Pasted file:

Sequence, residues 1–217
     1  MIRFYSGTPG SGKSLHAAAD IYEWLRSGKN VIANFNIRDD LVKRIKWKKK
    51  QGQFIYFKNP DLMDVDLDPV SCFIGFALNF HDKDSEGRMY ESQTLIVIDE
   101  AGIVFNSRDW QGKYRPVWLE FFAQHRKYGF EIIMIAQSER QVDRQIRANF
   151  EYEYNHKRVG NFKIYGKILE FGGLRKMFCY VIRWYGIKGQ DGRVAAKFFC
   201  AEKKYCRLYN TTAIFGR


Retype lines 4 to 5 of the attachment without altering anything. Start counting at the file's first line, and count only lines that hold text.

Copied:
   101  AGIVFNSRDW QGKYRPVWLE FFAQHRKYGF EIIMIAQSER QVDRQIRANF
   151  EYEYNHKRVG NFKIYGKILE FGGLRKMFCY VIRWYGIKGQ DGRVAAKFFC